Success Breeds…Slogans

 Let’s give credit where credit is due. Could it be that much of the criticism heaped upon Google is actually jealousy over two twenty-somethings with the vision and perseverance to strike gold?  Face it, Google’s founders did have vision, while myopia misdirected everyone around them from the get-go.  Page submitted his first paper, an overview of the PageRank algorithm, only to have it rejected. The paper ultimately was published in conjunction with a Stanford project, no doubt softening the power of its punch.  But Brin and Page persisted on this resistance-filled path, cluttered with naysayers.

And they found treasures in others’ trash.  For instance, in the late 1990s, the goal was not to send people away from a portal, as search did, but to glue them there instead, notes John Battelle in his book, The Search – How Google and its Rivals Rewrote the Rules of Business and Transformed Our Culture. Even Yahoo CEO Tim Koogle (how ironic) went so far as to “brag” in an analysts’ meeting that his search-related traffic was declining. But Page and Brin were gifted enough to see what others couldn’t. We should applaud them, not scorn them for this. 

That they carefully guarded their “baby” also is to be commended. A responsible “parent” not protecting its nurtured prodigy?  Let’s get real. Setting loose engineering managers who made their organization top-heavy was smart. So was dissecting employment decisions with the precision of a surgeon. Not spending a dime on marketing while their company was bleeding was responsible; bringing in PR exec Cindy McCaffrey to adopt a “press-first” approach was brilliant. Why spend money when you can get the media to spotlight you for free?  And the media were thrilled to oblige; Google became their do-no-wrong darling.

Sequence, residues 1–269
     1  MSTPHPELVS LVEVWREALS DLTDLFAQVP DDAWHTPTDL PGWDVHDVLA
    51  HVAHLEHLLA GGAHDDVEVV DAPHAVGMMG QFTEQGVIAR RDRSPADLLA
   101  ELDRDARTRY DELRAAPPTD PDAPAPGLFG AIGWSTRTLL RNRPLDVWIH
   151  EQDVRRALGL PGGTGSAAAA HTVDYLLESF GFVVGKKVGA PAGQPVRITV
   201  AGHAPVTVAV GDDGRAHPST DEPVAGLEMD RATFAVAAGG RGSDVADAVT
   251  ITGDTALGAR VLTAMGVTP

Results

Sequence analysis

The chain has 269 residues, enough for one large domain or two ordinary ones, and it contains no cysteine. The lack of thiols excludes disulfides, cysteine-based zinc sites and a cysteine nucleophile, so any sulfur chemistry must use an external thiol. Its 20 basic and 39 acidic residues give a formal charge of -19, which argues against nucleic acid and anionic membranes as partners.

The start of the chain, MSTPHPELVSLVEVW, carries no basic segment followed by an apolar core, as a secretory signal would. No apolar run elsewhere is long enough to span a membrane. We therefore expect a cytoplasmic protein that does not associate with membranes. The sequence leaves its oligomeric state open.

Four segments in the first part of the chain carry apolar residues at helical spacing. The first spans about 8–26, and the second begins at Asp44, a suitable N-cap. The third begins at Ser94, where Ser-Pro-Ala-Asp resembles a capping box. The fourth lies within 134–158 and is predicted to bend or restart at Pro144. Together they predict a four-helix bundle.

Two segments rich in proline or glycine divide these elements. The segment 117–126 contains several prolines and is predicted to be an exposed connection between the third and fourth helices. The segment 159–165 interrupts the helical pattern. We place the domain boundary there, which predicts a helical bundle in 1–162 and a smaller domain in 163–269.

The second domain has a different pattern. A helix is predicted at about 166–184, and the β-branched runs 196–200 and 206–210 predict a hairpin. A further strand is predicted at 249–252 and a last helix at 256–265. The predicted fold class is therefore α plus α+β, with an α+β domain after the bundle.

I do, however take issue with Page’s put-down of inventor Nikola Tesla’s reach, as related in Battelle’s book: “The Twelve-year-old Page was struck by this fact: regardless of how brilliant and world-changing Tesla’s work had been, the inventor received little long-term fame or fortune for his efforts.”  Now that’s a bit arrogant, considering the unit of measurement of a magnetic field is — Tesla.  So why would you care? Say you’re having an MRI critical to your future health. If the machine you’re lying in is three Tesla, you’re in state of the art. Two Tesla?  Not quite as much resolution. I’d say, “Give me more Tesla!”  

            And at least some have questioned whether Google’s motto, “Don’t be evil,” also smacks of superiority. Battelle notes that Amazon CEO (and Google investor) Jeff Bezos “summed up the reactions of many observers” in telling him, “Well, of course, you shouldn’t be evil. But then again, you shouldn’t have to brag about it either.”

 Journalist Jeff Jarvis also weighed in during a recent interview, calling the slogan “dopey” but valuable in spurring Google staff to question behavior and tactics http://onthemedia.org/transcripts/2009/02/27/06. “I know this is awfully optimistic to say, but I have to believe that a company that gives its employees the license to question its actions, based on its mission, is a good company,” Jarvis said.

I don’t really care much about slogans, because it is action that matters. And I certainly don’t view Google as “evil.” To the contrary, the company has created a lot of value. On the other hand, I do find some things a bit creepy for my taste. Take 800-GOOG-411. I tried it out after reading David Pogue’s New York Times post, in which he gushes over Google’s geniuses and “gems,” the 411 service being one of them http://www.nytimes.com/2009/02/26/technology/personaltech/26pogue.html?_r=1. The information I received about delis in my area was right-on, but why did I hear the message, “Call’s recorded”?  I can’t recall any other 411 service recording my communication.  If Google as a company is entitled to some privacy, why aren’t we?

I was happy to read that Google has voluntarily agreed to blur images of certain locations, ranging from the White House to shelters for victims of domestic violence, on its Google Earth satellite service. http://bits.blogs.nytimes.com/2009/03/03/california-lawmaker-wants-online-map-images-blurred/#more-2677. A California lawmaker has raised the issue of protecting “soft targets” like schools, hospitals, houses of worship and government buildings; he reportedly introduced a bill after reading reports suggesting that terrorists used online map imagery to plan attacks in Mumbai and elsewhere. An Indian court is considering a ban on Google Earth following reports that its imagery played a part in the Mumbai terrorist attacks.

The question is why on earth we need Google Earth. I can imagine more harm than help emanating from that service. Must we endure yet another blow to our privacy? Hey, Google, maybe it’s time for that reassessment: “Don’t be Evil.”

 

 

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